Procrastivity is a specific type of procrastination in which priority tasks are avoided by engaging in other tasks that themselves are productive and necessary, but which end up being self-defeating because they take time, effort, and energy away from priority tasks. Thus, adults with ADHD may be busy all day but not feel productive on the most important endeavors. However, there are many useful lessons learned from procrastivity that can help increase follow through on priority tasks, including better understanding of the core cognitive themes or thinking styles in adult ADHD.
About J. Russell Ramsay, Ph.D.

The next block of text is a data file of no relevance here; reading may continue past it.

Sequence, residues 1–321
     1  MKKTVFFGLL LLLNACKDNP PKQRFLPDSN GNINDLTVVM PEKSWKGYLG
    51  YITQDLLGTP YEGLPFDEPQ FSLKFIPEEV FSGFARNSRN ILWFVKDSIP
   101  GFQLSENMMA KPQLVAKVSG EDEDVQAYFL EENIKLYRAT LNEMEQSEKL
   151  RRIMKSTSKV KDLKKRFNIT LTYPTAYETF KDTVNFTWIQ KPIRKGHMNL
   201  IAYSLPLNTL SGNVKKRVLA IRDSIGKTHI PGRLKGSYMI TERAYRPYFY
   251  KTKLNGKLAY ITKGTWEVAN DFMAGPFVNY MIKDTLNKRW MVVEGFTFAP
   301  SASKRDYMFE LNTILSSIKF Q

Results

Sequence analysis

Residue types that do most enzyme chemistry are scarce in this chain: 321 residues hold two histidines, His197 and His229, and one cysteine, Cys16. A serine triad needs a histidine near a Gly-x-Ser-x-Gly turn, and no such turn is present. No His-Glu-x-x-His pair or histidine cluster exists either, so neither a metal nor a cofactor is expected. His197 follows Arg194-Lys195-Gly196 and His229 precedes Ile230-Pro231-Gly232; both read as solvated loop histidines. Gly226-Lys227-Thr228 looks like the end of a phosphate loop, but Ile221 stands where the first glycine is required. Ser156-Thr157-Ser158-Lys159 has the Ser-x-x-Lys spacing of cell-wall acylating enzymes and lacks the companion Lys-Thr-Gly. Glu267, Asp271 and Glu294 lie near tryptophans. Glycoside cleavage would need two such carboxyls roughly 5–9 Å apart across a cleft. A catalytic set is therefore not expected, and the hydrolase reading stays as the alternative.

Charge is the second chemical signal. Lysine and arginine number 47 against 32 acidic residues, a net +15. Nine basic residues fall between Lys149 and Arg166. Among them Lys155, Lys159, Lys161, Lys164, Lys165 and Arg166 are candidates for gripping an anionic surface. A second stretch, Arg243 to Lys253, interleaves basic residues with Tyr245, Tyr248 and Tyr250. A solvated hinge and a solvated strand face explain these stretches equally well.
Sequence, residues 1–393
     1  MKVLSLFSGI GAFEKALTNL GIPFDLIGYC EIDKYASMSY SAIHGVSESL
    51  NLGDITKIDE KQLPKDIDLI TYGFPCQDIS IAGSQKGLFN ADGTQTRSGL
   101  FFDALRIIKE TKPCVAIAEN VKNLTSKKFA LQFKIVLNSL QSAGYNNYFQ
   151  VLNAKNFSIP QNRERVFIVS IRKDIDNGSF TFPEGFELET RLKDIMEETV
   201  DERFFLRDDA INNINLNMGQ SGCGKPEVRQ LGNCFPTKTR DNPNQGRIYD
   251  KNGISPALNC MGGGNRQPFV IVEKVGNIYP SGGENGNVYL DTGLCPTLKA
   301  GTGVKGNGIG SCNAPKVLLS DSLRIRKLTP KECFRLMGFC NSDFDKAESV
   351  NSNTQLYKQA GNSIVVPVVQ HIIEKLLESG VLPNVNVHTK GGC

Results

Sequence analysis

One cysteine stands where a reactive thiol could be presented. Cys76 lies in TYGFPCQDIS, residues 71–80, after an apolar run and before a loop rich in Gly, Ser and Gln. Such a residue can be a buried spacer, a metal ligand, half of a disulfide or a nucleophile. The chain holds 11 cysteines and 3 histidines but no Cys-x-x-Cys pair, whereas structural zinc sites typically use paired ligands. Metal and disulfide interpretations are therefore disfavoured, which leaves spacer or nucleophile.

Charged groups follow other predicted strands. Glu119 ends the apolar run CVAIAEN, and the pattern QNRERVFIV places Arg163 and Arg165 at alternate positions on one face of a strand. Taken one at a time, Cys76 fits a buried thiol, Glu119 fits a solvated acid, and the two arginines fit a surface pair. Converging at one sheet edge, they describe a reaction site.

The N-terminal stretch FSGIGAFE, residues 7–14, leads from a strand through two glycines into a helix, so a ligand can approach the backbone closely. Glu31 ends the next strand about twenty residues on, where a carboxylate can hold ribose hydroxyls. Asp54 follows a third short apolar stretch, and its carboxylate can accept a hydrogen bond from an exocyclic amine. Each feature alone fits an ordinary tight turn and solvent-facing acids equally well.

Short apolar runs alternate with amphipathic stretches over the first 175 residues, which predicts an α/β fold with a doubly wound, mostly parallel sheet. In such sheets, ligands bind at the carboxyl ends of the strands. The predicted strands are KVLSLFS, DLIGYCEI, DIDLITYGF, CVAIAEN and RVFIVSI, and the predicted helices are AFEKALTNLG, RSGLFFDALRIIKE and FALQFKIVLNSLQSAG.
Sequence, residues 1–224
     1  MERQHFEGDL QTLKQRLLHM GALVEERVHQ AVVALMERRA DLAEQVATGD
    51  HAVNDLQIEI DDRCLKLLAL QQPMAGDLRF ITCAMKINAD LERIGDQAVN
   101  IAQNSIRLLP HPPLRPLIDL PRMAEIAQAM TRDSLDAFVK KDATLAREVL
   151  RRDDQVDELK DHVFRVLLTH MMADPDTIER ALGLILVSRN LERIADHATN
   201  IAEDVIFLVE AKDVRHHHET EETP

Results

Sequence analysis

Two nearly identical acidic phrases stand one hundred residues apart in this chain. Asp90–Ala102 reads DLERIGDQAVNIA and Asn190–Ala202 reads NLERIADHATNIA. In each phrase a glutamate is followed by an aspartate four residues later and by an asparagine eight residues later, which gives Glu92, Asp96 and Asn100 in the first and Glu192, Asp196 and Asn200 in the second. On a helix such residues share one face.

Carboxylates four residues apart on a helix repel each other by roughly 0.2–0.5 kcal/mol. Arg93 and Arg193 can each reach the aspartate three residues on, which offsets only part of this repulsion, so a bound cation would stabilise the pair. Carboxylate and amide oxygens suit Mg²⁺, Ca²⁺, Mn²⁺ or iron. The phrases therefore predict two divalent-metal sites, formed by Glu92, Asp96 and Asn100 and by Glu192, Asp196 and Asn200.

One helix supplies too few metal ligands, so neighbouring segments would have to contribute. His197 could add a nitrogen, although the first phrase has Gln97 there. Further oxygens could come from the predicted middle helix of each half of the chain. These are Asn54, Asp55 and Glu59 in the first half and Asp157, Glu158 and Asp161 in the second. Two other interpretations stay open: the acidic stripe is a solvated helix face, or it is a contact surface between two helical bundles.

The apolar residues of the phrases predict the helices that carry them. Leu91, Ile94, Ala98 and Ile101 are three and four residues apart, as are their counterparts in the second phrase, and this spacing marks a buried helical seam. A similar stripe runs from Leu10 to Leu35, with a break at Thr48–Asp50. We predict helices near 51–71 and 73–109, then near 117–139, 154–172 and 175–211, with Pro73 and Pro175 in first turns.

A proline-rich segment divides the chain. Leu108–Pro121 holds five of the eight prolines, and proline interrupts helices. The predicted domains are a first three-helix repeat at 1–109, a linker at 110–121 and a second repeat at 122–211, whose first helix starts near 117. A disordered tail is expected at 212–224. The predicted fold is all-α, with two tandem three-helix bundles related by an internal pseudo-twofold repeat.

Dr. J. Russell (“Russ”) Ramsay is co-founder and co-director of the University of Pennsylvania’s Adult ADHD Treatment and Research Program and an associate professor of clinical psychology in psychiatry in the University of Pennsylvania Perelman School of Medicine. He has authored four books (and is currently working on his fifth, Thinking Through Adult ADHD, which will include a section on“procrastivity”), and numerous peer-reviewed professional and scientific articles, research abstracts, as well as book chapters on issues related to adult ADHD. He serves on the editorial board of the Journal of Attention Disorders, and is on the Professional Advisory Boards of ADDA, CHADD, and Totally ADD, on the Board of Directors of APSARD, on the scientific advisory board of Additude Magazine, is past winner of the Szuba award for excellence in clinical teaching and research at Penn, and is in the CHADD Hall of Fame.